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New Orleans Peace by Piece: Healing Through the Arts

New Orleans Peace by Piece: Healing Through the Arts

Published: March 30, 2015
Photo: AFSC / Akema Namore

The McKenna Museum of African American Art in New Orleans was the setting for the 2015 Designing Our Freedom Event, Healing Through the Arts. This year more than 20 young artists from Dillard University and several high schools and middle schools from around the city participated in the event.

Instead of holding AFSC's traditional t-shirt and hoody themed fashion show, New Orleans participants opted to broaden the use of art and let young people express themselves through several modes of creativity.

Commemorating Black history, Peace by Piece presented a showcase of talent demonstrating how young people in New Orleans can and do use art to heal from injustice.

Participants, including students who are active in the Peace by Piece in-school and afterschool programs, used costumes, spoken word, song and performance art to tell stories of the school-to-prison pipeline, violence including police brutality and economic injustice.

Dance performances, a hip hop cypher and a “Tribute to Trayvon” by some young designers were also highlights of February’s event. Six students honored the memory of Trayvon Martin by designing hoodies with messages of injustice as well as hope. Trayvon died tragically February 26, 2012 at the hands of George Zimmerman, who was eventually acquitted in 2013.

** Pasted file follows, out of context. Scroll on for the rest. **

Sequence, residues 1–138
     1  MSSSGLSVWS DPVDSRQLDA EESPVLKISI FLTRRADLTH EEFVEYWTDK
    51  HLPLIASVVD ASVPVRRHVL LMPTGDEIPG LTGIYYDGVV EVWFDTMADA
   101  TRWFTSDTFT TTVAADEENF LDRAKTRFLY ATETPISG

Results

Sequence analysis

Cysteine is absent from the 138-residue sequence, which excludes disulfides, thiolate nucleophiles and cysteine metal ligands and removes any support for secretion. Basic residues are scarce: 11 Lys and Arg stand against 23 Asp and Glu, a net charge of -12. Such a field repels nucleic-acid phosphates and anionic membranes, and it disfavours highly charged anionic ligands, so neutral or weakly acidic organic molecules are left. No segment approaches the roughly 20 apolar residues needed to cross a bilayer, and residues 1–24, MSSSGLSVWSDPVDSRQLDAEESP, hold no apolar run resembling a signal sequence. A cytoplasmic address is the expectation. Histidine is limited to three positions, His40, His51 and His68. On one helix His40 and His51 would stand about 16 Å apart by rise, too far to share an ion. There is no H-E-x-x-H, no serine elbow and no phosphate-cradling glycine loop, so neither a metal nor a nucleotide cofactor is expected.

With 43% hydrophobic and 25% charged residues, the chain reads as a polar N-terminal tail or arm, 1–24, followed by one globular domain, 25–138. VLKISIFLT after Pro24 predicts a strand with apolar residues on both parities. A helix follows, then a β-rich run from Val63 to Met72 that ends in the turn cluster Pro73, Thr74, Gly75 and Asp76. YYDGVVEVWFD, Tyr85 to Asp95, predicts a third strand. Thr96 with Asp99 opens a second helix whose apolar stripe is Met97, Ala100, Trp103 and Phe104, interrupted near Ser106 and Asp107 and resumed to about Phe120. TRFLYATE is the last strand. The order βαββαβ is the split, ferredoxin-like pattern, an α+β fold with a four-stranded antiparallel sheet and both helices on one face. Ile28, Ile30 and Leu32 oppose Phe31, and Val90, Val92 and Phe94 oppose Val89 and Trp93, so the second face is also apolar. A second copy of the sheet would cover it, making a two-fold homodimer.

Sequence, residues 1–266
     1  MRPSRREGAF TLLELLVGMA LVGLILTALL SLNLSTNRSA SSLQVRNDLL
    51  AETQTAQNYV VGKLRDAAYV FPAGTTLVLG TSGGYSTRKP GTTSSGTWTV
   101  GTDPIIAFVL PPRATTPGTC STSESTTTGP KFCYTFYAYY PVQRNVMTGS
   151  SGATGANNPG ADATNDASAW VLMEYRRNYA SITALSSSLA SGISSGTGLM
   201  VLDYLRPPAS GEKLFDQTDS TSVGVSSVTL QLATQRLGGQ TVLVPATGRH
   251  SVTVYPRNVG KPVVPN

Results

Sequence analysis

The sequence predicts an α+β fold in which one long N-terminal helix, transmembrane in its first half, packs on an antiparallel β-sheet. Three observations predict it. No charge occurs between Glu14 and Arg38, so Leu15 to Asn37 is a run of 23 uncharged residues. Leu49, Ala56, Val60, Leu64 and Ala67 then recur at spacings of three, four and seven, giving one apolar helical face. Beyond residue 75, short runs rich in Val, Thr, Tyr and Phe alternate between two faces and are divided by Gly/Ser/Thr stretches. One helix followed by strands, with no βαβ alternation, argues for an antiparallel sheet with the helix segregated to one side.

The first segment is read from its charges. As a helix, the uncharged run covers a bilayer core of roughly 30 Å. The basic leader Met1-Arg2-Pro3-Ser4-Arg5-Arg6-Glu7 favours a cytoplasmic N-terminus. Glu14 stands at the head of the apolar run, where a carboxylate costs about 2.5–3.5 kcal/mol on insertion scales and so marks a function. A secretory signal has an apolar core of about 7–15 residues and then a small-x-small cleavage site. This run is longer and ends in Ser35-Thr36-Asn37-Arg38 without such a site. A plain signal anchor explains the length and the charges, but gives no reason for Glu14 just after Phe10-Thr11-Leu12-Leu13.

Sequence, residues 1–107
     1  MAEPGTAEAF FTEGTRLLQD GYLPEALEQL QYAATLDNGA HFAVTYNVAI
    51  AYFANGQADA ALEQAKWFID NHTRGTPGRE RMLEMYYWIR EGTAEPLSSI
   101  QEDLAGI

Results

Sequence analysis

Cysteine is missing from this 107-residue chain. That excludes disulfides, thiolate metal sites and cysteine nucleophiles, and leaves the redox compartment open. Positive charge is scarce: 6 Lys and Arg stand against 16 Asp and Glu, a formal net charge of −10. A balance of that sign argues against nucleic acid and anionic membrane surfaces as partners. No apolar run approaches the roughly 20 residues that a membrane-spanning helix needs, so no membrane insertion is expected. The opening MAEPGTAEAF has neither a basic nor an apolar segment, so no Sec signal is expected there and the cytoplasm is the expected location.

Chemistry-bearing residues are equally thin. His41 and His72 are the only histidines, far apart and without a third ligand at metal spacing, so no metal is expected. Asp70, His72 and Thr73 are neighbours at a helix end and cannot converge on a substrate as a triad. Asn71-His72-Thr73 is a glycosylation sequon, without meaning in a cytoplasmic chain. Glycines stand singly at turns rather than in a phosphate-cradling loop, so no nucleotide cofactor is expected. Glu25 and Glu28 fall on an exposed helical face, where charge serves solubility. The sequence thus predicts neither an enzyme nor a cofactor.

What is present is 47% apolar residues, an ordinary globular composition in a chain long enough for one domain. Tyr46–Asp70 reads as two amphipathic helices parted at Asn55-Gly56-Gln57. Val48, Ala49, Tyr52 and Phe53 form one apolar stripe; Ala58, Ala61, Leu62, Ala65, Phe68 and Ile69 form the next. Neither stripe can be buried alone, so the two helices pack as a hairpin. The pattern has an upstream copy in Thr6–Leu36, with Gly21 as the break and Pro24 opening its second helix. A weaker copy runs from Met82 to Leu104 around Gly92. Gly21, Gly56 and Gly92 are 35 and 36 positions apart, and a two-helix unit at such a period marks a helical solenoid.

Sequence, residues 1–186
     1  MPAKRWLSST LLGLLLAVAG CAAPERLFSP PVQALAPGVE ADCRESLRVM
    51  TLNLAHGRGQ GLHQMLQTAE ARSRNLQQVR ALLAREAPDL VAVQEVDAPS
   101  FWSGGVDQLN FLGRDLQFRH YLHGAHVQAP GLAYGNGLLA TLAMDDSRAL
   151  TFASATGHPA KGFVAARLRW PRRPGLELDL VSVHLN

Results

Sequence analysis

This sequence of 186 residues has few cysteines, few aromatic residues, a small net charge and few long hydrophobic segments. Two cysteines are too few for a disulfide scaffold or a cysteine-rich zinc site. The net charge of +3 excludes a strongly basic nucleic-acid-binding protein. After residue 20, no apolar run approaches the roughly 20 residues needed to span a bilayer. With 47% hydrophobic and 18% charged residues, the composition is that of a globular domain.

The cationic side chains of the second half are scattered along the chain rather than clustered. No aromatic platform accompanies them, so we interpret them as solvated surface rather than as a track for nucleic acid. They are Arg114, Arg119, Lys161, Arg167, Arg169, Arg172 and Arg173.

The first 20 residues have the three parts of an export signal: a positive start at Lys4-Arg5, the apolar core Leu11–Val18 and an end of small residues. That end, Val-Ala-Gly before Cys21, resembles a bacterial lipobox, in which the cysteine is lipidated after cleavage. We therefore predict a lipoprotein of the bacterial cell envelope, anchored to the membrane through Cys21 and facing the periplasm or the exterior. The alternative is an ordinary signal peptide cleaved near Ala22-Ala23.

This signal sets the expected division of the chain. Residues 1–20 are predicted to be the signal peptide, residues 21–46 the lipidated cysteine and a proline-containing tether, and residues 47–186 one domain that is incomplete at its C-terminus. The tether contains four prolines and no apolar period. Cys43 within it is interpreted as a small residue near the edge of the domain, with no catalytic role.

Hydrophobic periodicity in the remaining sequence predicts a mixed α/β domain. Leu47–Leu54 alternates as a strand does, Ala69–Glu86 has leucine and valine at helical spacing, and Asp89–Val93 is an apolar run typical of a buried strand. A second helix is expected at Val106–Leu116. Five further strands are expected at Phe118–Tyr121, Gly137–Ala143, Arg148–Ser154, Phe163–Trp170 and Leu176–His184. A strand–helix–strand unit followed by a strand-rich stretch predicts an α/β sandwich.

As one designer shared her story of injustice, she recited the names of New Orleans youth whose lives have been cut short as a result of violence.

“Can we do something like this once a month?” asked Simonne Walker, a student at Jefferson Chamber Foundation Academy and first-time participant in this year’s show. “Meeting other young people from around the city and coming together like one big family to make this show happen feels really good and I want to do more,” she added.

The New Orleans program responded to her excitement by hosting its inaugural bi-monthly Peace by Piece meeting in March.

Bringing together and engaging young people who are energized about social justice and want to make a difference in the city inevitably creates alternatives to violence and promotes healing, peace by piece.